Dangerous Curves

Susan Branson, Dangerous to Know: Women, Crime, and Notoriety in the Early Republic. Philadelphia, University of Pennsylvania Press, 2008.

simonsphila

An image of Philadelphia produced by J. Simons and printed by C. P. Fessenden, 1834 (reproduced on page 2, http://www.philaprintshop.com/images/simonsphila.jpg)

Pr. Susan Branson, Syracuse University, has written a concise and accessible dual biography of sorts, tracing the lives of Ann Carson and Mary Clarke, two unusual American women living in the era of the Early Republic.  Dangerous offers readers a glimpse into the lives of these Philadelphia residents who are not from the elite portion of society and whose intertwined existence resulted in the publication of a story that exposed scandal, love affairs, and murder in the 1823 text History of the Celebrated Mrs. Ann Carson, written by Mary Clarke.

Branson embraces elements of the mystery novel in her preface, giving cause for the reader to wonder, just how out of hand and infamous Ann Carson had become by 1822 if she and a friend, with cash in hand, could not find shelter in any boardinghouse in Philadelphia – even a brothel refusing admittance (ix).  Immediately, readers will be fascinated to know more about the turns of events that led Carson to crime and Clarke to dangerous friendships and scandal-driven writing.  I believe a big part of what makes Branson’s work so successful is that she lays out for readers clearly and quickly the situation facing many American women in the late 18th and early 19th century, and then explains why Ann Carson and Mary Clarke are both part of that system and buck against it.

In the opening chapter, Branson lays out the expectations and limitations of life for married women in the Early Republic.  Both Carson and Clarke were forced to become the central money earners for their families at a time when women’s legal rights limited their ability to own property, enter into contracts, and more.  Not only is Branson excellent at portraying the backgrounds of these two women in a sympathetic manner, but she reminds the reader of all the additional economic circumstances to consider the impacted their lives ranging from embargoes, to open war, to economic panics.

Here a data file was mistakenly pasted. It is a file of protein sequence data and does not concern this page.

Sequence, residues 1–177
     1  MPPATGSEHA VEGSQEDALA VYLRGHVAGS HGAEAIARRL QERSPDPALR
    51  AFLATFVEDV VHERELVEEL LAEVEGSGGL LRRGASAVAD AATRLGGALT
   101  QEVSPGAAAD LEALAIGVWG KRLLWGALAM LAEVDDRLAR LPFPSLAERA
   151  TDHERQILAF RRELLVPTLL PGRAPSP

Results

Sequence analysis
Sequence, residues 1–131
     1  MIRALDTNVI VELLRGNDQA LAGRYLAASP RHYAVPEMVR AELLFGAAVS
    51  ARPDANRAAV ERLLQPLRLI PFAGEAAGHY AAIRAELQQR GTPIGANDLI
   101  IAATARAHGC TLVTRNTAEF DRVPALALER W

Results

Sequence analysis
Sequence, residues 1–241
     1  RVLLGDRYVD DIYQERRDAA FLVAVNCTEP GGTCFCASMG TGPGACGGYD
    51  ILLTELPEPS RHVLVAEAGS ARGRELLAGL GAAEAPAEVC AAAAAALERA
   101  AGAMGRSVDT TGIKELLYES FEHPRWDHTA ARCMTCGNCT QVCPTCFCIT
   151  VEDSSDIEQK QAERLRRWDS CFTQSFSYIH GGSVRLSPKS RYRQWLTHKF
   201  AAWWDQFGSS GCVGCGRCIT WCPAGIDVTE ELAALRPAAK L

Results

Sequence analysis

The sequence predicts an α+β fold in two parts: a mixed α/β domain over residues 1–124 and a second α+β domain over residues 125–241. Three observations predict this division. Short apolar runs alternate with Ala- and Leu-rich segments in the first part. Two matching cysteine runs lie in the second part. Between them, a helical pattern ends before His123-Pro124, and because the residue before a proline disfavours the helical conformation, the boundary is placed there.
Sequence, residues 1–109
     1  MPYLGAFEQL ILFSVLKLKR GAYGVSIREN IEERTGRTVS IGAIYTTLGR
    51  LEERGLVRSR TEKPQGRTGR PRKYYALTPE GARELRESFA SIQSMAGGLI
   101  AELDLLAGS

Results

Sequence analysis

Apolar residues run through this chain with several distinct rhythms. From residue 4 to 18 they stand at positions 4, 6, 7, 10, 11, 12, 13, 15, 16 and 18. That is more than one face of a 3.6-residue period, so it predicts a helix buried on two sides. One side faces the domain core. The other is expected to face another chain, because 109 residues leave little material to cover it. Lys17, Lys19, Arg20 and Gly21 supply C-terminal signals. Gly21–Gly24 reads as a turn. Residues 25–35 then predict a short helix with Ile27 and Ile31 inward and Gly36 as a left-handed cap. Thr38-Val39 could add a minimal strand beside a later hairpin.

While Carson ends up married to, literally, a drunken sailor, and working as a china importer to support her extended family, Mary Clarke pursued writing as a career, perhaps as early as 1814 (2-14).  Both women were educated, had children, and were not well-provided for by their husbands for a variety of reasons.  In entering the writing and publishing industry, Clarke sought to supply income for her family, but along the way, she was to become a groundbreaking individual as the first American woman to edit and publish a magazine aimed at women.  As merchant or publisher, both women walked a line between preserving their expected “place” in American society and throwing a curve by entering into the public sphere of the market.

This is a history text, not a novel, and yet I can’t help but operate with some restraint in discussing some of the content.  Suffice to say, there is a murder, an abortive plan to kidnap the governor of Pennsylvania, and then an attempt to make money off of the whole experience.  Readers also learn about nineteenth century attitudes towards race, clothing, sexual activity, and desperation.  If there is one small concern, it is that Branson must necessarily rely heavily on Ann Carson’s Memoirs for source material.  There are, however, several newspaper stories that corroborate some details and Branson also uses details from other cases of the nineteenth century (see Patricia Cline Cohen’s The Murder of Helen Jewett for example) to contextualize the Carson/Clarke story.  Dangerous to Know is both a compelling book and a revealing one – despite its brevity, readers will take away a tremendous amount of information from this text about women’s lives and challenges in the history of the Early Republic.

Advertisements

Leave a comment

Filed under Teaching and Learning History

Leave a Reply

Fill in your details below or click an icon to log in:

WordPress.com Logo

You are commenting using your WordPress.com account. Log Out / Change )

Twitter picture

You are commenting using your Twitter account. Log Out / Change )

Facebook photo

You are commenting using your Facebook account. Log Out / Change )

Google+ photo

You are commenting using your Google+ account. Log Out / Change )

Connecting to %s